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Caregiver Tips for Managing Parkinson’s Disease Dementia

Parkinson’s disease (PD) is an illness largely defined by changes in motor control. Early symptoms include tremors, stiffness, and walking/balance problems. As the disease progresses, many will also develop dementia. Studies have found that Parkinson’s dementia can affect up to 78 percent of those with PD.1

Symptoms like agitation, confusion, memory loss, hallucinations, and delusions may occur 10 to 15 years after the initial PD diagnosis. Not all people with PD will experience Parkinson’s dementia.2

Impact on caregivers

It can be hard to watch your loved one’s motor and mental abilities decline. You may also find that your caregiving duties have caused you to sacrifice your own hobbies, time with friends and other family members, and hours at work. It is normal for you to feel a range of emotions about your loved one’s condition and your responsibilities as a caregiver, including frustration, sadness, and anger.

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Having the right resources and support can help you adjust to your new normal as a caregiver of someone with Parkinson’s disease dementia. These tips can ease some of the challenges that you may face.

Patience and redirection

Patience and the ability to redirect a loved one’s energy are important skills for caregivers. You may feel frustrated when your loved one leaves the water running, forgets to put on pants, or cannot recall details.

It is important to remember that you are frustrated at the disease, not the person. Their forgetfulness cannot be changed, but there are steps you can take to redirect your loved one:3,4

  • Lie out their clothes in the order they should put them on.
  • Acknowledge their frustration, then suggest a different activity like going for a walk, doing a puzzle, or having a snack.
  • Use simple phrases and give limited choices, like “Do you want an apple or a banana?” or “Would you like to read a book or listen to the news?” If they do not understand, repeat the question.
  • Avoid open-ended questions or ones that rely on short-term memory.

Install signs in your home

In many cases, people with mild or moderate dementia can still read. While they may not remember the way to the bathroom or important phone numbers, they can read signs or notes with needed information. Signs such as these may be helpful:3,4

  • “Hot” and “cold” labels on water faucets
  • A “stop” sign by outside doors to help prevent wandering off
  • Arrows directing to bathrooms
  • “Hot” or “Do not touch” warnings in safe spaces by the stove or oven
  • Reminders like “Carol will be home at 4 pm” or “Do not let the dog outside”
  • Phone numbers for loved ones, doctors, 911, and poison control, along with a description of what they are for

Safety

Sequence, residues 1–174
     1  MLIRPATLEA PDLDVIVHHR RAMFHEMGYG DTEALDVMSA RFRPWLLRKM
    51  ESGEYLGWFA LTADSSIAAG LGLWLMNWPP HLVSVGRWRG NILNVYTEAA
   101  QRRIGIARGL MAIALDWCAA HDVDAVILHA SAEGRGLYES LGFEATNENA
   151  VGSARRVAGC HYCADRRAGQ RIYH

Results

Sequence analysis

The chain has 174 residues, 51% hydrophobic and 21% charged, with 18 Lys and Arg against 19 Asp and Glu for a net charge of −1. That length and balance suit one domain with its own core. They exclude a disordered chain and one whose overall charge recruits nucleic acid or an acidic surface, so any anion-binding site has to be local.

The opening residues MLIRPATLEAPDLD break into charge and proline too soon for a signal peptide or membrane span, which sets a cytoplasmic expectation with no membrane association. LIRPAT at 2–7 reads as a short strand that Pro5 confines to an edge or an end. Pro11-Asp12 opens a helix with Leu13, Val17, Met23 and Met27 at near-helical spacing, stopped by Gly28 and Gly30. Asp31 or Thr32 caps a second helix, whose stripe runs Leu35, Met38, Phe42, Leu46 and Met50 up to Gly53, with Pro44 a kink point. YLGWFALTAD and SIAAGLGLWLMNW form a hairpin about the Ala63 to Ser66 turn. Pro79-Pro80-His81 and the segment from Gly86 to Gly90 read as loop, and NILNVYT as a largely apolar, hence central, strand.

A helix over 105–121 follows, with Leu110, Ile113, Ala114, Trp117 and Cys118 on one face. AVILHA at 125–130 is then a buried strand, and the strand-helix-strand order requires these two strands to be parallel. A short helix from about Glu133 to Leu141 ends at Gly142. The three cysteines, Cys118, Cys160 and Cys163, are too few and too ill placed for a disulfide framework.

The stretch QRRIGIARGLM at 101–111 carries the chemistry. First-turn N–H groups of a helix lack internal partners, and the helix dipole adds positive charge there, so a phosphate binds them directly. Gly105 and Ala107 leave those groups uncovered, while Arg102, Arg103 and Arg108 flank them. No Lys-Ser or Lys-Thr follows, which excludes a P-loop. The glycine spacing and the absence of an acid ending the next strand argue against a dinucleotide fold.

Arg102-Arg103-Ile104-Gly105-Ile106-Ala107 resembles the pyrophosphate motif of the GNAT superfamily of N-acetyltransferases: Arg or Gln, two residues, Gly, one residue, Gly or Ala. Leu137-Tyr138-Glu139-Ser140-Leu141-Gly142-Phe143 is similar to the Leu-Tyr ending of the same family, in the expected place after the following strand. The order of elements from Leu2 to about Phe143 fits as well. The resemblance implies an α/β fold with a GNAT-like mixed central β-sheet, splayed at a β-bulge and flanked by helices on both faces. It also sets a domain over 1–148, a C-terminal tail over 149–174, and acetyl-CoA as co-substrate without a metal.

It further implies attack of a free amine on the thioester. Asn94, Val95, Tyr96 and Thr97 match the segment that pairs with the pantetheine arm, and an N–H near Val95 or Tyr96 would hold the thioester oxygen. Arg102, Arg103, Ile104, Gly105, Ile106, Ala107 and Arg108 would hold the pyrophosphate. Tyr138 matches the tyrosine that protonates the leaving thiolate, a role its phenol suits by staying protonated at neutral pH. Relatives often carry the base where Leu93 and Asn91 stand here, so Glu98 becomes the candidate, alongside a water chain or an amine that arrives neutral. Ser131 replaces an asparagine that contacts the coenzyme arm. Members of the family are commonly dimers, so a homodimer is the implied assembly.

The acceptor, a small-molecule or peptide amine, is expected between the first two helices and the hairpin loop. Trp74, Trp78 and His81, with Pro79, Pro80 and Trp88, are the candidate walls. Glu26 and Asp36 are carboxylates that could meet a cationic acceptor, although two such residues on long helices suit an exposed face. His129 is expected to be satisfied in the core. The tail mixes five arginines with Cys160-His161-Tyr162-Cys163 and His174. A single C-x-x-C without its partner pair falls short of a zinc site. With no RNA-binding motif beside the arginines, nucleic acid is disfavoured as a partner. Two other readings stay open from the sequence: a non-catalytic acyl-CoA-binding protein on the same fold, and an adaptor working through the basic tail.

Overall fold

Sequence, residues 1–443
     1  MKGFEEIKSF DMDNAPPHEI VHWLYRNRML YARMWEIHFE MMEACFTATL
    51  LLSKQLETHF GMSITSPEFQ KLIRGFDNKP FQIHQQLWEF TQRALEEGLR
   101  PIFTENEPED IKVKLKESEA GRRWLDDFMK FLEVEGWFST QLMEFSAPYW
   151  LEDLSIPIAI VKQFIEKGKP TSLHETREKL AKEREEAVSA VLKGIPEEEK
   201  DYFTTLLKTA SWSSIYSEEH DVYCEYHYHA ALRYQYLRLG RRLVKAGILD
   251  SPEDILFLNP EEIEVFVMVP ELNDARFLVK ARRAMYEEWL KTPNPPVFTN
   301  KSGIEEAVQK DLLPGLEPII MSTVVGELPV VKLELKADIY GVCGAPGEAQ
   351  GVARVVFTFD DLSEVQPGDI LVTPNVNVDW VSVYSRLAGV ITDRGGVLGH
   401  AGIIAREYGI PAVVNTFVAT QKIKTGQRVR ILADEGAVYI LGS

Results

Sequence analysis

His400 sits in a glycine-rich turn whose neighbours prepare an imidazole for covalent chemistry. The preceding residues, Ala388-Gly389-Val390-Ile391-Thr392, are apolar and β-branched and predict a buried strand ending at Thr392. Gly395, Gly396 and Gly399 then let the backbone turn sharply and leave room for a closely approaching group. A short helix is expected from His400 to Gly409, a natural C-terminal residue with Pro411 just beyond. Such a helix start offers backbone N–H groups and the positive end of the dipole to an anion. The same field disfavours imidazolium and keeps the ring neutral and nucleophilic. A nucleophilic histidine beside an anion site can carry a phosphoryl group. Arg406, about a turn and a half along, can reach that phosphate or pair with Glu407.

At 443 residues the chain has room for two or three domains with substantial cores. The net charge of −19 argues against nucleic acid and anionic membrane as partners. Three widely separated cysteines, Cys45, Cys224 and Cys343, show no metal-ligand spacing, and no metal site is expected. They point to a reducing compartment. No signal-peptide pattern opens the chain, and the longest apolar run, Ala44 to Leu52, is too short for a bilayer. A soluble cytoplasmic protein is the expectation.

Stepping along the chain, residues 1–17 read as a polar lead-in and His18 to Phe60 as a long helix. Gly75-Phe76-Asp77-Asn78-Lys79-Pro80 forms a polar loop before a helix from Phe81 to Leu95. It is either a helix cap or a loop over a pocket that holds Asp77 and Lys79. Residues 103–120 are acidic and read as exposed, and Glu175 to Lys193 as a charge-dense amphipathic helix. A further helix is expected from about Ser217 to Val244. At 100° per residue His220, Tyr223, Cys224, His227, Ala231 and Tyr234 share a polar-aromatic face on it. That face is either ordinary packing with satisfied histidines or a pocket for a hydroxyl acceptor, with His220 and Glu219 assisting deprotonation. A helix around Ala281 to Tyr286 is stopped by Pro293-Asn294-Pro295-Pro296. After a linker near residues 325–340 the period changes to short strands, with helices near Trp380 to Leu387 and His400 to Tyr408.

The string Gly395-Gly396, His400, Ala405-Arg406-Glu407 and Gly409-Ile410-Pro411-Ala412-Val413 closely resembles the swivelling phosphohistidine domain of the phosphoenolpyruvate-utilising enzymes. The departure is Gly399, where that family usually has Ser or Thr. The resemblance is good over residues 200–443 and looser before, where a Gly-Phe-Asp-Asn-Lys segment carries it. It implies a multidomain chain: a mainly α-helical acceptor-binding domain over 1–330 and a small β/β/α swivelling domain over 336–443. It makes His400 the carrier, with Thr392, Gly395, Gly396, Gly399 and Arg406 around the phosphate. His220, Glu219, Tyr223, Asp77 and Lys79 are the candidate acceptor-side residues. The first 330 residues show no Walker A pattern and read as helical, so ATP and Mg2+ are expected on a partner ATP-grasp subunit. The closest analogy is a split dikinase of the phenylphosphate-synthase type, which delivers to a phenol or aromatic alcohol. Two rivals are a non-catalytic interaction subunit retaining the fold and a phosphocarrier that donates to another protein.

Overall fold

Those with dementia may not know what is safe and what is not. In a confused state, they may try to wander off. Their senses of taste and smell may be altered, which can also impair their ability to make safe choices. You can take steps to improve safety:3,4

  • Install and regularly change batteries for smoke and carbon monoxide detectors.
  • Put away lotions, toothpaste, detergents, shampoo, soap, etc., since they may smell or look like food.
  • Install locks up high or down low. A person with dementia may not look for these beyond eye level. Key or number code locks can also be helpful.
  • Add safety locks on doors and cabinets, outlet covers, and safety gates for steps.
  • Guns, knives, power tools, cleaning products, alcohol, and drugs should be locked away.

Occupational therapy

Occupational therapy (OT) helps people with injuries, illnesses, or disabilities do many of the daily activities they need and want to do. Caregivers can identify areas in which improvement is needed, such as dressing, navigating stairs, walking to the bathroom, or preparing a sandwich. Occupational therapists then work with the person to address those skills.

One study found that after 12 weeks of OT, people with dementia were able to better function at home.5

Take breaks

Caregiving is hard work, and it is normal to need a break. Breaks help you recharge and tend to your own health. Schedule regular time for self-care before you feel stressed or overwhelmed. Here are some tips for ways to take the breaks you need:3,4

  • Ask friends, family members, or a neighbor to relieve you from caregiving duties for a few hours.
  • Hire a home health worker to help with more difficult tasks, such as bathing your loved one.
  • Have your loved one stay at a memory care facility for a few days or weeks. You will have an extended break while they are cared for in a supervised, safe environment.
  • Join an in-person or online support group for caregivers.

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